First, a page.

You might want to d/l this program & have a look to see if you can spot the culprit. And it's free.
Autoruns for Windows
Also, you can try TDSSKiller which is a rootkit scanner.
This utility, which has the most comprehensive knowledge of auto-starting locations of any startup monitor, shows you what programs are configured to run during system bootup or login, and when you start various built-in Windows applications like Internet Explorer, Explorer and media players. These programs and drivers include ones in your startup folder, Run, RunOnce, and other Registry keys. Autoruns
reports Explorer shell extensions, toolbars, browser helper objects, Winlogon notifications, auto-start services, and much more. Autoruns
goes way beyond other autostart utilities.
When running TDSSKiller, launch the program, click on the blue text "Change Parameters" & check the box marked "Detect TDLFS File system." Click OK & then run the scan.
That would suggest the process may be running in the background. You may wish to run RKill before you run any scans & see if this aids in removal. Do NOT reboot after running RKill.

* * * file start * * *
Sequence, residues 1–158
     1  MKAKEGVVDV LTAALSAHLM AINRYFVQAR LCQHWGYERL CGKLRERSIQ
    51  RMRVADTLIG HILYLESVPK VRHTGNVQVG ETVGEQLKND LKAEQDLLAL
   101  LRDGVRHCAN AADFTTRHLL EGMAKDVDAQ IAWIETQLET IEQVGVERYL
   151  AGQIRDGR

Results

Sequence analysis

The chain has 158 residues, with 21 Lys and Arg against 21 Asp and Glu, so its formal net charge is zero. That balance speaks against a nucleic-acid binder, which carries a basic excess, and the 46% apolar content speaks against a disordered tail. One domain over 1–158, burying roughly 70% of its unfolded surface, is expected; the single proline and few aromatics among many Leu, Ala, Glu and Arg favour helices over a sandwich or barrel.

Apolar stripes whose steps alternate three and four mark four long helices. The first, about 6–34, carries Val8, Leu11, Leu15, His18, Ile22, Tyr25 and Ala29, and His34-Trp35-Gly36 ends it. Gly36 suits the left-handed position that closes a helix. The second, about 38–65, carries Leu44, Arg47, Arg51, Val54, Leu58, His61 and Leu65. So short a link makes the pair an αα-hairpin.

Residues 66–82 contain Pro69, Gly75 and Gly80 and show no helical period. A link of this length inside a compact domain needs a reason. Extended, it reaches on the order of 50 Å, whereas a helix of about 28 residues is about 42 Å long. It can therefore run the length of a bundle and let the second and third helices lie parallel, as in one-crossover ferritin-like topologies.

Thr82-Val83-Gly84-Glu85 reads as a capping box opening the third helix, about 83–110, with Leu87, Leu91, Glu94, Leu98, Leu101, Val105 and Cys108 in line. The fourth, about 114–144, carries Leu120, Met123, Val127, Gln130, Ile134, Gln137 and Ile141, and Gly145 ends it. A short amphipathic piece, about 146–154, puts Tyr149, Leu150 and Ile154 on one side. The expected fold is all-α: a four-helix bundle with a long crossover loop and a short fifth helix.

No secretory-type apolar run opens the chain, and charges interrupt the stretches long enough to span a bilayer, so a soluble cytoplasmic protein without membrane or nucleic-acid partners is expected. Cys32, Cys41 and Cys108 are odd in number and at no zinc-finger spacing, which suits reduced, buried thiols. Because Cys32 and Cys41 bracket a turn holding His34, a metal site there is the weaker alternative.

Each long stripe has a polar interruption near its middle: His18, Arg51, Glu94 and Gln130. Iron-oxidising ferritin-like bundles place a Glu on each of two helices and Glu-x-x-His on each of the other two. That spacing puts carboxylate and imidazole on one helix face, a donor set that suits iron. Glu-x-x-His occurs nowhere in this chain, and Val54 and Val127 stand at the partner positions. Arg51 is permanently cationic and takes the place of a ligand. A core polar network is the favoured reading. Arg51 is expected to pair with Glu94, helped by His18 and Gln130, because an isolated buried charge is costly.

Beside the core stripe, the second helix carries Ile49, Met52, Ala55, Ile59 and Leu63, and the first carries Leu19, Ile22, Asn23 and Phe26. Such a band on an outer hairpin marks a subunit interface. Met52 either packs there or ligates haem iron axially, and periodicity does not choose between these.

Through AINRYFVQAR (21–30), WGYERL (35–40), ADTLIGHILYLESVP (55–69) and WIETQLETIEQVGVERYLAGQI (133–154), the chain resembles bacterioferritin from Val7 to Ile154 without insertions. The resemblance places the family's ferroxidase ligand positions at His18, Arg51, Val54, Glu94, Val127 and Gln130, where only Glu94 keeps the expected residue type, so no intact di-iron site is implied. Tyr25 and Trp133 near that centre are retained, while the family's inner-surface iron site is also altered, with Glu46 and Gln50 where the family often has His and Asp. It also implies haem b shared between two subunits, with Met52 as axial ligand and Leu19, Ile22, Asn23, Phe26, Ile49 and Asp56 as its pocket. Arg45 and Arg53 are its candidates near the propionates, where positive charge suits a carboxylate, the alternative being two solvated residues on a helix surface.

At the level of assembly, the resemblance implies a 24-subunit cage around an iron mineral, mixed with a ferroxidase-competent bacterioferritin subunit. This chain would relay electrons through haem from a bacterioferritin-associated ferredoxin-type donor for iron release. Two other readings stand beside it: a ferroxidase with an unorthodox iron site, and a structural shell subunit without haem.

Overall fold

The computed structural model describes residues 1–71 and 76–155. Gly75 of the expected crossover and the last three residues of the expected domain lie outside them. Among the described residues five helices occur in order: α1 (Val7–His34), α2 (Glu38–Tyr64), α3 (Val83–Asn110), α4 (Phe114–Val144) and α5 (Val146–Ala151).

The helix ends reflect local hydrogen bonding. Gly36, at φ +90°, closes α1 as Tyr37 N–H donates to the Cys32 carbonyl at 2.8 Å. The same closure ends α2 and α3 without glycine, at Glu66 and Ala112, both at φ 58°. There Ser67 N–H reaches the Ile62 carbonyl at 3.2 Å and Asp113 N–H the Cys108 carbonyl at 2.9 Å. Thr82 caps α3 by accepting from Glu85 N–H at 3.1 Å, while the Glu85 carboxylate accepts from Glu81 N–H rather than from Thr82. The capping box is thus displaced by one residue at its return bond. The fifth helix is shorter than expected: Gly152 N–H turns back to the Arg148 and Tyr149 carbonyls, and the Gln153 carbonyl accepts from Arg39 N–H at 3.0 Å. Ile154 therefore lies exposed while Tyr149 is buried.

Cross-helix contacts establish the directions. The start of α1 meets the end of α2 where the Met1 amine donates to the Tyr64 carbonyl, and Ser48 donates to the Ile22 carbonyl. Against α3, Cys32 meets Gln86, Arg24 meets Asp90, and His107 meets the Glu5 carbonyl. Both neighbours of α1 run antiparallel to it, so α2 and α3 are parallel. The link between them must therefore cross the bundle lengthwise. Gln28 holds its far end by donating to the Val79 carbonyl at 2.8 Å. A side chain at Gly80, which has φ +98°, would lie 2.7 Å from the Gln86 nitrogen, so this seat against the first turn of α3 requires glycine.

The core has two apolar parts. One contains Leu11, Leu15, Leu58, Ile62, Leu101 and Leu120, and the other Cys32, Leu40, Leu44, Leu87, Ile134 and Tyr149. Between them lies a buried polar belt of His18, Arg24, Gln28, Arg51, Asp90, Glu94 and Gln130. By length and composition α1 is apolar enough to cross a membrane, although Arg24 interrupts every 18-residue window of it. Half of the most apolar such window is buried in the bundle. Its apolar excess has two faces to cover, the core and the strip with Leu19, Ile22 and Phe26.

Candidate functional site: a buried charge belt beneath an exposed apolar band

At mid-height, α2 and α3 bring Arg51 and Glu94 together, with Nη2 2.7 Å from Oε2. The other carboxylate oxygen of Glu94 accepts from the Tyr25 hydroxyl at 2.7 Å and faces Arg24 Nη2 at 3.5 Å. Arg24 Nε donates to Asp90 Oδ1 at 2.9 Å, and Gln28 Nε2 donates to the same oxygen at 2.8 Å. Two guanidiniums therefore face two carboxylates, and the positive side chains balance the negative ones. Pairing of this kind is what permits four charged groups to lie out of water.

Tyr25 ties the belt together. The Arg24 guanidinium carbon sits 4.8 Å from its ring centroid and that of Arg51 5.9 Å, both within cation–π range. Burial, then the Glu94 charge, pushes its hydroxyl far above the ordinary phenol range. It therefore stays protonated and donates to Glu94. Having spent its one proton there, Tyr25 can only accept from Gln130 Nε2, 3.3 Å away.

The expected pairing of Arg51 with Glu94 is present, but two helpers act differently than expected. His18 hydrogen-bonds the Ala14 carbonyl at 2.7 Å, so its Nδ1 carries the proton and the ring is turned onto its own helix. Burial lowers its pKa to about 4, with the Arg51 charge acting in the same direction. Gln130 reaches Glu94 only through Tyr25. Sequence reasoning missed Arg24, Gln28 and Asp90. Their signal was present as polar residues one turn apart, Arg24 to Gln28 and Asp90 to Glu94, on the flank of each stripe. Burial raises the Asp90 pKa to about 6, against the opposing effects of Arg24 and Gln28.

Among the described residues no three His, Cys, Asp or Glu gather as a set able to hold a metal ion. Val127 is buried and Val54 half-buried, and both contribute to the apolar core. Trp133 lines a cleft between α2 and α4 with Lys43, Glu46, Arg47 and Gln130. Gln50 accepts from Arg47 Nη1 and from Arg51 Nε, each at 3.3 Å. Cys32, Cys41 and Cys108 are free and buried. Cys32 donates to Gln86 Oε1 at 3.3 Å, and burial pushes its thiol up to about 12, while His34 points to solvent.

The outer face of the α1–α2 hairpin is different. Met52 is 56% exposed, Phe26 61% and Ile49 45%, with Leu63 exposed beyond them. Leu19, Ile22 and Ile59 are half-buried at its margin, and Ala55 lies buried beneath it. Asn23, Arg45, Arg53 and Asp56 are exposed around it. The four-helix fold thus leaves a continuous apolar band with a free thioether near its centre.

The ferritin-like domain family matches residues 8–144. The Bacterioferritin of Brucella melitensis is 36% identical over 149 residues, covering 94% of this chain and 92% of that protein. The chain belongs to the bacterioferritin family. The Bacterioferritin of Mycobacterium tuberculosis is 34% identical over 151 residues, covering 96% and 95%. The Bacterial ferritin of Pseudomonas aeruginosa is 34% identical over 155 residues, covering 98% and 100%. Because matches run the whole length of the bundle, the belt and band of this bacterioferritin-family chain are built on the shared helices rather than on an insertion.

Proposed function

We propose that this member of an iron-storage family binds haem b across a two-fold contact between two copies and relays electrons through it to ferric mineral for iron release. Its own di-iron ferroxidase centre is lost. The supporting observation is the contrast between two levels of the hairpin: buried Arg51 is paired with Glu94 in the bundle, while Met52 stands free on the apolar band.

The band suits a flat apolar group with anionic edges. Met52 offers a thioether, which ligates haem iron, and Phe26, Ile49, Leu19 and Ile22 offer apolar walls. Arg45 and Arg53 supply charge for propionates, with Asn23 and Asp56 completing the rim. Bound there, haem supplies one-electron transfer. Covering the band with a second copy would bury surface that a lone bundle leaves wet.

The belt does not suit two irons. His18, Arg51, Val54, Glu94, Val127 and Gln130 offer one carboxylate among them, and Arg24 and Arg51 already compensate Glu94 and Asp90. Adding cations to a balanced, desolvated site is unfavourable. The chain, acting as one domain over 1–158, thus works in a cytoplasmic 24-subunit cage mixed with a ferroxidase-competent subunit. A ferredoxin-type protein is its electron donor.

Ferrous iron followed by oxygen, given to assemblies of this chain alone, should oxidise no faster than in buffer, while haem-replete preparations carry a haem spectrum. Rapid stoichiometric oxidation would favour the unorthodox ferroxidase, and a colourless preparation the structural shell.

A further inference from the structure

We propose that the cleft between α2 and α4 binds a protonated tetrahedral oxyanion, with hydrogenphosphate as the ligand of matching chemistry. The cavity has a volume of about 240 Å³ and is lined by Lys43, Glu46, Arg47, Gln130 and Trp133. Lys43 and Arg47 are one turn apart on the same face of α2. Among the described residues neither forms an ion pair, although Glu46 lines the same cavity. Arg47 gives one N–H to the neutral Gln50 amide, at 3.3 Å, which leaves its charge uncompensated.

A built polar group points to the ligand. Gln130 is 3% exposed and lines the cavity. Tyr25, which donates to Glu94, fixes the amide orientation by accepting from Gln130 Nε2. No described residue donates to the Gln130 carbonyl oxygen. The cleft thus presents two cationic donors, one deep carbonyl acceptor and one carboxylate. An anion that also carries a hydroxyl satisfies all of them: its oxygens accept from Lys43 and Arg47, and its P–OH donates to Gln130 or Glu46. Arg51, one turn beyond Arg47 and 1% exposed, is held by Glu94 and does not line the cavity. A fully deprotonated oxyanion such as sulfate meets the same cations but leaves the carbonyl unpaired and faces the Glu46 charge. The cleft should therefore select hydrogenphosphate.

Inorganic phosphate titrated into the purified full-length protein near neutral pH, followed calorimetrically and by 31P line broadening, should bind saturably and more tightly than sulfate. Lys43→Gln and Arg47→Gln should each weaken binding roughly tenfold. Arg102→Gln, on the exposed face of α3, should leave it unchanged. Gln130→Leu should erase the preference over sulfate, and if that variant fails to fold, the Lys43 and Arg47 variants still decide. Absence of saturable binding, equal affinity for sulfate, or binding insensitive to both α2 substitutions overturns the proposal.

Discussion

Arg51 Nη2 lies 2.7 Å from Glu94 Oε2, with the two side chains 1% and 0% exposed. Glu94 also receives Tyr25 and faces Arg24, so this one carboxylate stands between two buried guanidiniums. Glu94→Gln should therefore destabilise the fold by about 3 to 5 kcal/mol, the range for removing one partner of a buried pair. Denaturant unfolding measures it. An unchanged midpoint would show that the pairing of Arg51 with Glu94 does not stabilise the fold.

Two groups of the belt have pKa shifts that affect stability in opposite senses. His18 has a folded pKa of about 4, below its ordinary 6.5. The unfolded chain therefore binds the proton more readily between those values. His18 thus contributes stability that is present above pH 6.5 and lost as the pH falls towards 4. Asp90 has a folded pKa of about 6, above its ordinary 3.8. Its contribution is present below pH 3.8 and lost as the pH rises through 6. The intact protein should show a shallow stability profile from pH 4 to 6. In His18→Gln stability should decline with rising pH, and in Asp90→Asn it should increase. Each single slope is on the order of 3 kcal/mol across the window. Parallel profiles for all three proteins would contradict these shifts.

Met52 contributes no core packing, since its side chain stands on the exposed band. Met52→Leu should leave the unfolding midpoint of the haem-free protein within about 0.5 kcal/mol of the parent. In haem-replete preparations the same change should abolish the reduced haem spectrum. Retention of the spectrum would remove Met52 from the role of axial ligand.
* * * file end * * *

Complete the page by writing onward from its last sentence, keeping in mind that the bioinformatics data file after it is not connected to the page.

Originally Posted by reddwarf4ever
is a program that was developed at BleepingComputer.com that attempts to terminate known malware processes so that your normal security software can then run and clean your computer of infections. When RKill runs it will kill malware processes and then removes incorrect executable associations and fixes policies that stop us from using certain tools. When finished it will display a log file that shows the processes that were terminated while the program was running.
As RKill only terminates a program's running process, and does not delete any files, after running it you should not reboot your computer as any malware processes that are configured to start automatically will just be started again.
Instead, after running RKill you should immediately scan your computer using some sort of anti-malware or anti-virus program so that the infections can be properly removed.